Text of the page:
AI joins search for ET
Toronto, Canada (SPX) Jan 31, 2023
Breakthrough Listen has reported the results from a new method of searching data driven by artificial intelligence. In a paper published in the journal Nature Astronomy, the team analyze 480 hours of data from the Green Bank Telescope (GBT) in West Virginia, and report eight previously undetected signals of interest that have certain characteristics expected of genuine technosignatures. The research, led by University of Toronto undergraduate student Peter Ma, who began working with the Breakthrou ... read more

US senators launch renewed push to thwart China

Russia to stay on International Space Station through 2028

Partners extend operation of International Space Station

Voyager will do more science with new power strategy

Falcon Heavy launches massive GEO satellite for Viasat

SpaceX launches first expendable Falcon Heavy rocket

A second pair of SES' O3b mPower satellites launched on a SpaceX rocket

Heavy thunderstorms force SpaceX to delay launch of Falcon Heavy rocket

New findings indicate gene-edited rice might survive in Martian soil

Ensuring robotic arm safety during abrasions

Sols 3812-3813: Tiny Sticks Poking Out at Us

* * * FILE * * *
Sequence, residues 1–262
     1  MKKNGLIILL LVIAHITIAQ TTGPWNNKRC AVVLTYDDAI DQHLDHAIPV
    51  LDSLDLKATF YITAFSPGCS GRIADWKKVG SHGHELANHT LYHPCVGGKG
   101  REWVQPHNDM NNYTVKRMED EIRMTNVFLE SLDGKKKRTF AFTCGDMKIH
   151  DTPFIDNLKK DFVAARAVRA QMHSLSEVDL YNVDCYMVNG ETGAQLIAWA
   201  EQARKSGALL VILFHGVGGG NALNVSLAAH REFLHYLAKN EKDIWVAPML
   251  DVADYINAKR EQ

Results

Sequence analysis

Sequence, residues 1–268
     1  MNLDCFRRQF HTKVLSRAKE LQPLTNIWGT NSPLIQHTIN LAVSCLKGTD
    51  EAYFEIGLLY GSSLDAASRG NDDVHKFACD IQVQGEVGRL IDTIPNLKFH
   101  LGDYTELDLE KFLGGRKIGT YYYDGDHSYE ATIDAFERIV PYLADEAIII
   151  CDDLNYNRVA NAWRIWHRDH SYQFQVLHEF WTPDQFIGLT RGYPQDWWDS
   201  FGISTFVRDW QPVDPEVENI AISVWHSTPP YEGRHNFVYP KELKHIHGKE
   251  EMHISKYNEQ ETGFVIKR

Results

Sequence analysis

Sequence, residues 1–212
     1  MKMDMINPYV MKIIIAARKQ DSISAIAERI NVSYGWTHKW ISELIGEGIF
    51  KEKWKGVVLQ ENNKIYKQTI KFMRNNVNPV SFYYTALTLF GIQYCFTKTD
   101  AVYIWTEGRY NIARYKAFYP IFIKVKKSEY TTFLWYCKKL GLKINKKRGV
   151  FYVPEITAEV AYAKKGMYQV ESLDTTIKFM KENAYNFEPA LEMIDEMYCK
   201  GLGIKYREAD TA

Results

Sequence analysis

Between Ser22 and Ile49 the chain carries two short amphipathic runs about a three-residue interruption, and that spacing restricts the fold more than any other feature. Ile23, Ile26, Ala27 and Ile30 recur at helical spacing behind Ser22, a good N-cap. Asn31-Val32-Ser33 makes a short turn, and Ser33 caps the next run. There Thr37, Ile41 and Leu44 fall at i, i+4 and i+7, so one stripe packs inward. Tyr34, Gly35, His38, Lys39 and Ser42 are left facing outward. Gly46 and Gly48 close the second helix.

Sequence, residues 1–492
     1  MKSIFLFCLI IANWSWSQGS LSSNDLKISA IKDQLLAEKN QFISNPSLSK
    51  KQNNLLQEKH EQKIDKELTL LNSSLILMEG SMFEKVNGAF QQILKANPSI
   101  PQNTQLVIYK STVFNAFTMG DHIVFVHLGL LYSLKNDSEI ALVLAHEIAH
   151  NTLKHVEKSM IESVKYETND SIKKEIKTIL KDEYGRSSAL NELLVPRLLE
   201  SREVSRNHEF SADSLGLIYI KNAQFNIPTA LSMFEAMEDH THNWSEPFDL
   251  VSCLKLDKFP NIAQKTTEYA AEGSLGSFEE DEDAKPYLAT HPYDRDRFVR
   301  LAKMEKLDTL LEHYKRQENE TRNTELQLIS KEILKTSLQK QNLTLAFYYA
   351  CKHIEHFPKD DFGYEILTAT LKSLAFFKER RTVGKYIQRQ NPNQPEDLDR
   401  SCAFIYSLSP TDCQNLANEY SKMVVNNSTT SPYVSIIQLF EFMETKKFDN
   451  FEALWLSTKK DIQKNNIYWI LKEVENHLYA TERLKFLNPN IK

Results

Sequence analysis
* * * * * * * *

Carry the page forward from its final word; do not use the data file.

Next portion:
Curiosity: Move slowly and don't break things: Sols 3810-3811

China to promote space science progress on five themes

China to develop satellite constellation for deep space exploration

China's space missions break new ground

Space exploration for betterment of humankind

Latest two O3b mPOWER satellites successfully launched for SES

CGI to extend machine learning to LEO satellite network optimisation

Viper and T-Rex on double rocket launch

Viasat confirms ViaSat-3 Americas set to launch

Innovative NASA alloy used for 3D printed rocket

Deep-learning system explores materials' interiors from the outside

Heed the reed: thatcher scientist on mission to revive craft

Researchers 3D print a miniature vacuum pump

Can ET detect us

A stormy, active sun may have kickstarted life on Earth